* To build equivalent Intel based system to iMac spec is the same price, or significantly higher if a Dell 5k display is pursued.

    Given the revelation also about the thermal paste in the 5k iMac, it would seem the thermal issue could be resolved.

    I think overall, the iMac 5k represents great value, so one will be placed on order! :cool:
     
  8. roadkill401 macrumors 6502

    roadkill401

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    #8
    I would say that the 'hype' about the 290x not working fast enough to power the 5k screen without lag is also well overstated. I have yet to ever see any of these 'common' problems that like to get thrown around here like they are fact.

    I would hazard to guess that many of the people here that are quoting problems with this 290x graphics card have

    1. never even owned the unit
    2. never bothered to do any diagnostics if an issue occured to see what the cause was. (was it hardware, software or a Stupid User issue)
    3. like to feel part of the crowd by simply repeating what they heard because if it was posted on a thread it must be true.

    I have ordered and worked with an 8gb riMac, and can say from first hand experience that it does work quite well most of the time, but if you are running multiple VM's, you need 16. If you have Photoshop, Illustrator and DreamWeaver open at the same time and using it to develop a website, you need 16. If you are trying to use Lightroom and browse though a large collection, then you will benefit from 16.
     
  9. fathergll macrumors 6502a

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    Sep 3, 2014
    #9
    I've owned a 290x with 24 GB of ram since November. Factory OS, no migration assistant or anything and there is lag at times. Seems more of a Yosemite issue than anything.
     
  10. blufrog thread starter macrumors member

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    Dec 19, 2014
    #10
    Couple of questions:

    * What kind of storage do you have (SSD or Fusion)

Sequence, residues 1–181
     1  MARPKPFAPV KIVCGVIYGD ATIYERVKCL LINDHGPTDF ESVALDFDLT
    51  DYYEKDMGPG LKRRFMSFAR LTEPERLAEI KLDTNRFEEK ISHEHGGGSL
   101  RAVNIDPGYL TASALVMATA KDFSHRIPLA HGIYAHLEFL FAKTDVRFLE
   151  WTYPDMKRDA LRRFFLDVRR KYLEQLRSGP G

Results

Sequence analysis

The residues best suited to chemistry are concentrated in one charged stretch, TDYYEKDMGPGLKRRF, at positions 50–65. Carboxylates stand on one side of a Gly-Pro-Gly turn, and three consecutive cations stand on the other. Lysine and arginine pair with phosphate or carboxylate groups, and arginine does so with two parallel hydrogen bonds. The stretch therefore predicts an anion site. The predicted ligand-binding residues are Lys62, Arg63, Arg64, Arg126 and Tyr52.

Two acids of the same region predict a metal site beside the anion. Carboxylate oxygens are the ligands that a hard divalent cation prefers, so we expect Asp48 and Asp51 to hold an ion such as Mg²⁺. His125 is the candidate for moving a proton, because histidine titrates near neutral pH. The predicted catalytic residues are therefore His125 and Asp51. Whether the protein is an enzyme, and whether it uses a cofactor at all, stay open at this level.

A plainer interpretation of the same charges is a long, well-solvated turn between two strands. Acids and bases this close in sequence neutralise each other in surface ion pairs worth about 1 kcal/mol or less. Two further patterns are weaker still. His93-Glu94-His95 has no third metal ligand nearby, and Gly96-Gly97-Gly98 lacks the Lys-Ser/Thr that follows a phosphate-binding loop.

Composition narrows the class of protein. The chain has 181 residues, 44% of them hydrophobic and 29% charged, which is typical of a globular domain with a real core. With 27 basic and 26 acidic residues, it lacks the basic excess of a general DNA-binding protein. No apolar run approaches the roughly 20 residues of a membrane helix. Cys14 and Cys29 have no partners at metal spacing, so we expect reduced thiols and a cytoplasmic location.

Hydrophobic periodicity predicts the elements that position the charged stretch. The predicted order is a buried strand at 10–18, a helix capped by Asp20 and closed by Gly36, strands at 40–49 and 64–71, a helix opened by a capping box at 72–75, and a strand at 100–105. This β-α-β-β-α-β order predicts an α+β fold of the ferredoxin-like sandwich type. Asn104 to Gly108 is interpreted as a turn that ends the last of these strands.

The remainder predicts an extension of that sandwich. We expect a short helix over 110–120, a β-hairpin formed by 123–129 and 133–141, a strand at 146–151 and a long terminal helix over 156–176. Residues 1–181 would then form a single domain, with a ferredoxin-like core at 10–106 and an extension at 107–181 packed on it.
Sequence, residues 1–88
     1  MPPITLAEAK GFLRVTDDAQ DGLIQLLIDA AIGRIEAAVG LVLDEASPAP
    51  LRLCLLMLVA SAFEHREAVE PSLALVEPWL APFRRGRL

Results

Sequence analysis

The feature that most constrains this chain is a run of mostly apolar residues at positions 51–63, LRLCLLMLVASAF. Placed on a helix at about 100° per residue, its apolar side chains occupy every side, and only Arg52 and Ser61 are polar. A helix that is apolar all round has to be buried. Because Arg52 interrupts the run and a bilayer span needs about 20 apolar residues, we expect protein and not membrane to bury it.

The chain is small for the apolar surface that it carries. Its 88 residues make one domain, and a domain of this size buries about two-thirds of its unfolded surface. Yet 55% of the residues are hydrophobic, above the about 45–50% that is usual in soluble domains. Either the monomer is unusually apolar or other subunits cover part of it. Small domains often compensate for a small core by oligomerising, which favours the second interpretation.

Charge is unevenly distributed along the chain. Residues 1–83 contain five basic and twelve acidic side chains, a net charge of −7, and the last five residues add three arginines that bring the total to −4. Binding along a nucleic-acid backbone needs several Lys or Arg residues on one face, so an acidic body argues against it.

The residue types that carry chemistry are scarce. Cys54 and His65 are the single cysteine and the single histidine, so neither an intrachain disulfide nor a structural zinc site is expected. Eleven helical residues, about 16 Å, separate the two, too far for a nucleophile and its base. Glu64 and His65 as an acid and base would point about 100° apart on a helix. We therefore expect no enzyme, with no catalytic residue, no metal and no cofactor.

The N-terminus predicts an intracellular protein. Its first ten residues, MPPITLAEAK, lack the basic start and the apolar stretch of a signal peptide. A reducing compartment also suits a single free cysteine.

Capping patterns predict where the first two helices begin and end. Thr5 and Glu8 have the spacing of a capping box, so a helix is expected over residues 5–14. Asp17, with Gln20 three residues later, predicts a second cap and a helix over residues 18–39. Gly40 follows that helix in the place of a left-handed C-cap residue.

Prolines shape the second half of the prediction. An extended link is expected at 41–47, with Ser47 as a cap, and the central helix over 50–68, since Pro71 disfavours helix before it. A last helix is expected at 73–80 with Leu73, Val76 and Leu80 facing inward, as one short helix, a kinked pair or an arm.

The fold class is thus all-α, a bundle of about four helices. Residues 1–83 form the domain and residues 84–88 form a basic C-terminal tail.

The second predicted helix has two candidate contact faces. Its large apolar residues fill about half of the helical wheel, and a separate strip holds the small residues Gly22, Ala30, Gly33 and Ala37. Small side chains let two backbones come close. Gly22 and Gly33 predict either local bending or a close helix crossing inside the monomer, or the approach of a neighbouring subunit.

* When do you see lag?

    My rMBP will beach ball occassionally for no apparent reason (8 Gb RAM, SSD), but is smooth the rest of the time (sure, things like swapping desktops is not perfectly smooth animation, but TBH I don't expect it to be). Calling up Launcher is smooth 99% of the time, but I'm sure if I do it often enough even that will glitch.

    The reason I ask about the storage is because if the HD is asleep, it will spin down, and due to the hardware architecture the sytem can freeze for a moment whilst it waits for it to spin up and reach ready state again (even SSD will do this, but not as noticable as it will wake extremely quickly).

    I plan to get the 8 Gb model, and upgrade it to 24 Gb, because I will want to run a VM and run some programs with large memory requirements.
     
  11. fathergll macrumors 6502a

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    Sep 3, 2014
    #11

    * What kind of storage do you have (SSD or Fusion)

    • 1 TB Fusion. I have the base model.

    * When do you see lag?


    • Sometimes in finder there is obvious UI lag when browsing folders.
    • Preview many times there is lag opening pictures
    • When logged into my admin account I get a beachball everytime when I click on system preferences to the display area setting. It's not just the changing of the resolution but just getting into the actual screen it hangs and does a beachball. This does not occur on my second account.



    Yes I think I know what you are talking about. I've seen this on my 2012 Macbook Air(256 ssd) when waking the system up but my Air never has lag once the system is awake for 10 secs. Unless the HD portion of fusion keeps going to sleep im not sure why it would do that.

    Keep in mind there are many times when my base iMac is lighting quick as well browsing folder...etc. I honestly don't think i've noticed the fan even go on since i've had the computer. It stays very cool(well for something thats pushing a 5k display in an enclosed unit.)
     
  12. fathergll macrumors 6502a

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    Sep 3, 2014
    #12
    Im running a Windows 7 VM on it. Works pretty well. Windows doesn't scale as well as Yosemite(not a surprise). Windows 10 VM has been a hit and miss. One time it render my entire screen black and I couldn't get out of it for a while.

    If I had a all SSD I might considering running Windows 7 in bootcamp.
     
  13. blufrog thread starter macrumors member

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    Dec 19, 2014
    #13
    Regarding the max settable display resolution in OSX, does it do the scaling thing like the rMBP does (where the highest desktop res is still less than native) or can you actually set native resolution? How does this work?
     
  14. yjchua95 macrumors 604

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    #14
    It's like the rMBP.
     
  15. blufrog thread starter macrumors member

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    Dec 19, 2014
    #15
    I ordered an iMac 5k:

    * i7 4.0 GHz
    * 8 Gb RAM (will upgrade it to 24 Gb)
    * 256 Gb SSD
    * M295X

    :cool:
     
  16. HelixFramer macrumors newbie

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    Aug 8, 2015
    #16
    I'm very interested, how has it worked out for you? I'm in a similar position right now in terms of deciding on which graphics processor to get in conjunction with the i7 4.0 GHz, 8 Gb RAM (but then upgraded to 24 or 32) and 3tb fusion drive (for large internal audio storage). I'm planning to run graphics intensive image, video, and sound programs as well as games.